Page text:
“Shoot, Wilhelm!” Gibson chuckled. “You’re a knuckleballer. You didn’t put any real game action on this ball at all. Let me show you what a Gibson fastball will do to bring out the game action life of this little old baseball!”


Gibson hurled the baseball to the concrete in front of his space with the same kind of force he once used on the mound. It’s contact with the sidewalk-hard floor sounded like a mortal landing of such a pitch upon the head of an unfortunate batter. It bounced thirty feet high, but Gibson also caught his descending treasure on the one-bounce fly and then spent time admiring the gash that now stretched across another stitching as an imprint on two panels of the Super Fan baseball. Then he too signed the ball and returned it to Super Fan, as both Hall of Famers shook his hand and thanked him for his sincere interest in their autographs.

In his wrap up of the story, Super Fan told me: “I was lucky the ball survived as a recognizable relic with the signatures of those two great Hall of Fame pitchers.

“No,” I said to Super Fan, “you were lucky that Bob Gibson put the act to rest when he did!”

“What would you have done had Bob Gibson carried the cause of game-worthy appearances in this matter to the next level?”

“What if Gibson had kept the ball after he signed it and – then – made the following suggestion:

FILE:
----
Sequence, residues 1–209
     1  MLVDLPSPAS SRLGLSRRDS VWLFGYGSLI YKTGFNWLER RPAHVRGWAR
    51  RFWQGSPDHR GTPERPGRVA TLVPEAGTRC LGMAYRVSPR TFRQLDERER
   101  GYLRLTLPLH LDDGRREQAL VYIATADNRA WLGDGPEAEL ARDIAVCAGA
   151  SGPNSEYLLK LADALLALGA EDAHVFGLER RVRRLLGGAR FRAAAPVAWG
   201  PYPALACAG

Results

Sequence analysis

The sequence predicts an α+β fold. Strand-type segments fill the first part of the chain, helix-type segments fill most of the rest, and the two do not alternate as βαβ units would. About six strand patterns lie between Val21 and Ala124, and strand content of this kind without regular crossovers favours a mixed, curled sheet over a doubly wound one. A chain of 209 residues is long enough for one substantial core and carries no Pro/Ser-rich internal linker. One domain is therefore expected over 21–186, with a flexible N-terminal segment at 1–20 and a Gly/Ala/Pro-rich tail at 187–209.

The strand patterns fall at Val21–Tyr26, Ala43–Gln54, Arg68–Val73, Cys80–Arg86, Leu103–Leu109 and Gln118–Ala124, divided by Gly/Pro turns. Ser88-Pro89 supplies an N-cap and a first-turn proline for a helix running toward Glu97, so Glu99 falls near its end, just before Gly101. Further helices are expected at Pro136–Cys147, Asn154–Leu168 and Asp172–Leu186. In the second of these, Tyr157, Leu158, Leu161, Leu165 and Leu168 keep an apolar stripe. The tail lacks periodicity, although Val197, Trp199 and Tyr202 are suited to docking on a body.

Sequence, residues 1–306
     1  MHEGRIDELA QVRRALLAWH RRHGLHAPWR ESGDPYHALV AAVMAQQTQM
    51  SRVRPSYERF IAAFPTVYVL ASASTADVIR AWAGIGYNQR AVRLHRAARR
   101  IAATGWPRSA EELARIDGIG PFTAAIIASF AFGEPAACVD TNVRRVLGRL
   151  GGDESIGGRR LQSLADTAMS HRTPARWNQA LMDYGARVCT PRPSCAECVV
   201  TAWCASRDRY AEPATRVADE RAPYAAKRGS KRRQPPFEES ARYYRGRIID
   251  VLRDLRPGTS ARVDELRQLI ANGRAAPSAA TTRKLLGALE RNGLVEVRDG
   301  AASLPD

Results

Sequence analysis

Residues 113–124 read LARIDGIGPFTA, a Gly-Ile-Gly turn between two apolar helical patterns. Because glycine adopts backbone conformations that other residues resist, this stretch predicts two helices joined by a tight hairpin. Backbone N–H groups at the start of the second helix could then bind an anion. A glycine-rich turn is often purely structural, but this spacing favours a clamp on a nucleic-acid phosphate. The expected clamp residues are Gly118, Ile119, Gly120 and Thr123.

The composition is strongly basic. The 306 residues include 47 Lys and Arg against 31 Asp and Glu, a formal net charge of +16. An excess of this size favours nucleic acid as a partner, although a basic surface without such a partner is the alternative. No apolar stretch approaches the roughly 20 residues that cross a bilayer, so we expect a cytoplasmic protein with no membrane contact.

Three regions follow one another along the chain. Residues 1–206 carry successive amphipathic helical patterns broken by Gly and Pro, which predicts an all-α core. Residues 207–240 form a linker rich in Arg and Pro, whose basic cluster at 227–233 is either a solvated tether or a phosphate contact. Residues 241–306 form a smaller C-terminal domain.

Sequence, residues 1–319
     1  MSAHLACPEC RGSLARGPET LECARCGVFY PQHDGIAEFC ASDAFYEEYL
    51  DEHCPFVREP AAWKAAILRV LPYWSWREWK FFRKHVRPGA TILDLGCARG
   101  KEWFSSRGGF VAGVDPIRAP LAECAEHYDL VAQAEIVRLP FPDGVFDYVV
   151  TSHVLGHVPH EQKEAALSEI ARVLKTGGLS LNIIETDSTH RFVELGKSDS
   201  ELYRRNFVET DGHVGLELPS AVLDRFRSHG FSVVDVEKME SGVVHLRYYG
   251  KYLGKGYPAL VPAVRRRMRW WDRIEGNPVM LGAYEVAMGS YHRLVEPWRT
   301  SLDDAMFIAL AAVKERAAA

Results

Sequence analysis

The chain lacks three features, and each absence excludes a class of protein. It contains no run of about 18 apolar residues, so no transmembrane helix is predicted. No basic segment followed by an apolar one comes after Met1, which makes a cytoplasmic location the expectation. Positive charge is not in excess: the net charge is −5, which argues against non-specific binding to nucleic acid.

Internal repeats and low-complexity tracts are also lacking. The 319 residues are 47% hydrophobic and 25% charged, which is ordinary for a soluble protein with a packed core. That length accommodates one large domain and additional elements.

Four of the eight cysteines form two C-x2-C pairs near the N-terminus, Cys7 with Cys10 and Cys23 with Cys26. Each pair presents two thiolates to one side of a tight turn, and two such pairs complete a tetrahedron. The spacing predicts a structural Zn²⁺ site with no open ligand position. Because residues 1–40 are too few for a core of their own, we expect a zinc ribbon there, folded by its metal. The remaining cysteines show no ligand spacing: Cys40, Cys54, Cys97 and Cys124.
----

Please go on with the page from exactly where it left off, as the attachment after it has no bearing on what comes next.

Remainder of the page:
” ‘OK, Super Fan! Stand back over there about 60’6″ and lean your head forward! – After the next pitch, you will be able to tell your friends the ball was your prize for making the mistake of taking batting practice against Bob Gibson!’ ”

Super Fan laughed hard at my suggestion, but the look in his eyes (which I had to imagine since we were talking over the phone, but it’s one I have seen before in him in other matters of far-fetched possibility) told a slightly different story. His eyes said, his soul said, “I almost wish that Gibson had beaned me. – I’d be a different person today.”

Different person all right. A dead versus a live person.

I’m glad he didn’t bean you, Super Fan. Had he done so, I doubt you would have been around last night to tell me your very funny true story. And I would be forced to grieve the loss of your fun company.


Astromde Attachment 10: The Pecan Park Eagle


Bill McCurdy

Publisher, Editor, Writer

The Pecan Park Eagle

Houston, Texas

















7 Responses to “A Super Fan’s Story: Be Careful What You Ask For”

  1. Tom Hunter Says:

    Bill: Unless I misunderstood, you seem to imply that Bob Gibson has died.

    • Bill McCurdy Says:

      Tom – the death of Bob Gibson was neither stated nor implied, but I did find and correct the error in that sentence in which I wrote “died” instead of “did”, the intended word. This kind of error always reminds me of one I read in the New Orleans Time-Picayune years ago about an NFL Saints touchdown pass that, had it been literally true, it would have been the biggest time-consuming pass play in football history. It read: “Danny Abramowicz caught the ball and then ran nine years for a touchdown.” – Thanks for the heads up.